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Zach Wahls Calls Boy Scouts Delayed Decision on Gay Ban an ‘Abdication of Responsibility’


David Elwood of Troop 339 shows his Lego robot to James Lorsong of Troop 361.

CREDIT: Flickr/Fort Meade

The Boy Scouts of America announced today it will delay making a decision on its policy banning gay members.

The executive board announced in a statement that "after careful consideration and extensive dialogue within the Scouting family, along with comments from those outside the organization, the volunteer officers of the Boy Scouts of America’s National Executive Board concluded that due to the complexity of this issue, the organization needs time for a more deliberate review of its membership policy." 

The Boy Scouts stated the board will “further engage representatives of Scouting’s membership and listen to their perspectives and concerns” before the National Council’s 1,400 voting members assemble at the annual national meeting in May.

Zach Wahls, LGBT advocate and founder of Scouts for Equality, told Campus Progress the Boy Scouts' announcement to delay the policy decision indicates they aren't taking discrimination seriously.

"This is an abdication of responsibility. By postponing this decision, the BSA has caved to those who argue that their ideas about being gay trump basic Scouting values of kindness, courtesy and bravery. Scouting was built on a foundation of respect and dignity. Today, the BSA cracked that foundation," he said.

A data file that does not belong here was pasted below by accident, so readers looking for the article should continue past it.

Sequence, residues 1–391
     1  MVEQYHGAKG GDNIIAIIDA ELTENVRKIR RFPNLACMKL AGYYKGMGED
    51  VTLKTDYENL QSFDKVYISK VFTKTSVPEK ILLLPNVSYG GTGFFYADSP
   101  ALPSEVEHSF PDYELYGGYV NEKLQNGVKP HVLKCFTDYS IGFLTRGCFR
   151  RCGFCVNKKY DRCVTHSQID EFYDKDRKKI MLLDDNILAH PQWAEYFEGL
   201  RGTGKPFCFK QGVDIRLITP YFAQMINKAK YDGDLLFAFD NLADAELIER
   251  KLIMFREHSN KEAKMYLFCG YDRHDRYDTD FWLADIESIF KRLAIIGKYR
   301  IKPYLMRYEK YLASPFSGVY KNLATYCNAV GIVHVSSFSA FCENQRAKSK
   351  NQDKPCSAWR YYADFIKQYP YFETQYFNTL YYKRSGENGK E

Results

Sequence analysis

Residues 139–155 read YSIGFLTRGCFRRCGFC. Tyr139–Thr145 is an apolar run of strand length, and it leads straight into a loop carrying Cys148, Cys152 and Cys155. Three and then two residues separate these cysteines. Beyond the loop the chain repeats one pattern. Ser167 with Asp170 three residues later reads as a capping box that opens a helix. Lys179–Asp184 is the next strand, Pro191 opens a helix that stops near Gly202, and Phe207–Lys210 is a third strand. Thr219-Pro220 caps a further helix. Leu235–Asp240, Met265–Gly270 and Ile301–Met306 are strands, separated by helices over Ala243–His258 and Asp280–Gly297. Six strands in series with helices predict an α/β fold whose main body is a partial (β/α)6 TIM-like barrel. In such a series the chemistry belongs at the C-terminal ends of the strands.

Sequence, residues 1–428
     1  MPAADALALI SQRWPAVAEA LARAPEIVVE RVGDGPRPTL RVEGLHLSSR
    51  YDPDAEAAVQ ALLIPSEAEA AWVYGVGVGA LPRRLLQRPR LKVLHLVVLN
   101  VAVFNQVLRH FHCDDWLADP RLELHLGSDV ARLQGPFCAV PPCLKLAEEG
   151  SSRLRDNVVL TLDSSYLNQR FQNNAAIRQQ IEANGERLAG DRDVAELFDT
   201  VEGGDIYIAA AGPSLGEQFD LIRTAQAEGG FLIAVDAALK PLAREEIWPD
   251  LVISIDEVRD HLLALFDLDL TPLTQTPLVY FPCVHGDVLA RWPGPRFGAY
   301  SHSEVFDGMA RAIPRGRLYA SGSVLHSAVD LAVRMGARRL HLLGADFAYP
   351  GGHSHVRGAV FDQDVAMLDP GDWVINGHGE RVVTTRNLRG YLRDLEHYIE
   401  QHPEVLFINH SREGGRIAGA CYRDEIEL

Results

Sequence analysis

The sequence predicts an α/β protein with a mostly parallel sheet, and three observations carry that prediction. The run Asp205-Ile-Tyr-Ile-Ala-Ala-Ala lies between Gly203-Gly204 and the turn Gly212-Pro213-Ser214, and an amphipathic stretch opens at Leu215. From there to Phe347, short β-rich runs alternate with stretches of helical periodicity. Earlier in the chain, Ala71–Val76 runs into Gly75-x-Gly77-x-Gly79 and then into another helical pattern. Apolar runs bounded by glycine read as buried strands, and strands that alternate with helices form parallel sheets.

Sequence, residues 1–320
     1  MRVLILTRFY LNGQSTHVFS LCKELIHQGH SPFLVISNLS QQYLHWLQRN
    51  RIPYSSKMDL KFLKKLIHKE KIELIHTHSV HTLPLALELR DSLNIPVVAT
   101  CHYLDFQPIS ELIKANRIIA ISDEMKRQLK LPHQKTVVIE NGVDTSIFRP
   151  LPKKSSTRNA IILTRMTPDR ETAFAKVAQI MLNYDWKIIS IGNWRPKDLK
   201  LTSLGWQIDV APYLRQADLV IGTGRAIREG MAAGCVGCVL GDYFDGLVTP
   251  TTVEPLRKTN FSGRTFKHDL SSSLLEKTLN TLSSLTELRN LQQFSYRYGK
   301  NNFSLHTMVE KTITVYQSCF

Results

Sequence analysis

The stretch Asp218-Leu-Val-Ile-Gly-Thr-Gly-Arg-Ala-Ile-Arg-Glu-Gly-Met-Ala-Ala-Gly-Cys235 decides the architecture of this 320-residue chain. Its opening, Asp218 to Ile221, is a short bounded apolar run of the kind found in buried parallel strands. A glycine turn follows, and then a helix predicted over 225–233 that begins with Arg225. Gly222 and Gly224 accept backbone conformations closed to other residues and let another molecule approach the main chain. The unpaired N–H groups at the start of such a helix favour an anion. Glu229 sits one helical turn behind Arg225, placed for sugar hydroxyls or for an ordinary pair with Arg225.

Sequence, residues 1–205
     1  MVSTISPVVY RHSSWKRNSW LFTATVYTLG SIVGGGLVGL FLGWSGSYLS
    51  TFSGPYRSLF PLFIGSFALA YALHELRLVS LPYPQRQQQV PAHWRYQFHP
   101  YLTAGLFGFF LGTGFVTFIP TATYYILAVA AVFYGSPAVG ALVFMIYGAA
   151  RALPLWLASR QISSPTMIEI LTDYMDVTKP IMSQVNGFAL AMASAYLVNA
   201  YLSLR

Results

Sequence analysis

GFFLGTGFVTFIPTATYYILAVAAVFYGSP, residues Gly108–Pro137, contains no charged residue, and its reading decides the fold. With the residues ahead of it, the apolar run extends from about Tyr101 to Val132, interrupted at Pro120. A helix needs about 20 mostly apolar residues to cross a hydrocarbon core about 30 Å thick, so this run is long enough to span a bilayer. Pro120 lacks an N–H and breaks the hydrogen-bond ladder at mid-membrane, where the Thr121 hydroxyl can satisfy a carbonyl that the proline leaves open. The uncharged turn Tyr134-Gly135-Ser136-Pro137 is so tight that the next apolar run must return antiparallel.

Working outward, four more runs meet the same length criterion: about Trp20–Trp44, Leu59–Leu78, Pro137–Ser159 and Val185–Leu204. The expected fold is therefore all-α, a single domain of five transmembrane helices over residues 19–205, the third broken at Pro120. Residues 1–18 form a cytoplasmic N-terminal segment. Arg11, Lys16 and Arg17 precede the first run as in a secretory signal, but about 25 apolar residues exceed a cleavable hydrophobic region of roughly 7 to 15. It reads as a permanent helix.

The organization announced last week that it would vote on changing the policy after a seven-month, national campaign by Scouts for Equality and overwhelming public outcry. Scout leaders invited the public to share their input last week, but overwhelmed with responses, they soon urged people to stop calling.

Republican leaders like Gov. Rick Perry (R-Texas) and former presidential hopeful Rick Santorum also joined the outcry, predicting a mass exodus if the Boy Scouts voted to allow gay members.

Many advocates of equality don't believe the proposed change, now tabled until May, promotes enough tolerance. Wahls said the proposal would be a solid step in the right direction but it still signifies a long road ahead to reach true equality within the organization.

“Essentially, what this policy change does is allow local units to discriminate instead of requiring them to discriminate,” he told Campus Progress. 

Wahls remains optimistic though and believes it is in the interest of the Boy Scouts National Executive Board to change the policy.

“I'd be shocked if most councils didn't move in a more inclusive direction,” he said, based on the idea that discriminatory policies hurt local units' recruiting and fundraising efforts. “Membership has been going downhill for a while, and it seems pretty directly tied to this policy. Speaking as an Eagle Scout, I very much hope that this move helps rekindle BSA membership in inclusive units. I don't believe it's too late, but frankly, it's hard to say at this stage in the game.”

Anya Callahan is a reporter for Generation Progress. Follow her on Twitter @LezAnya.

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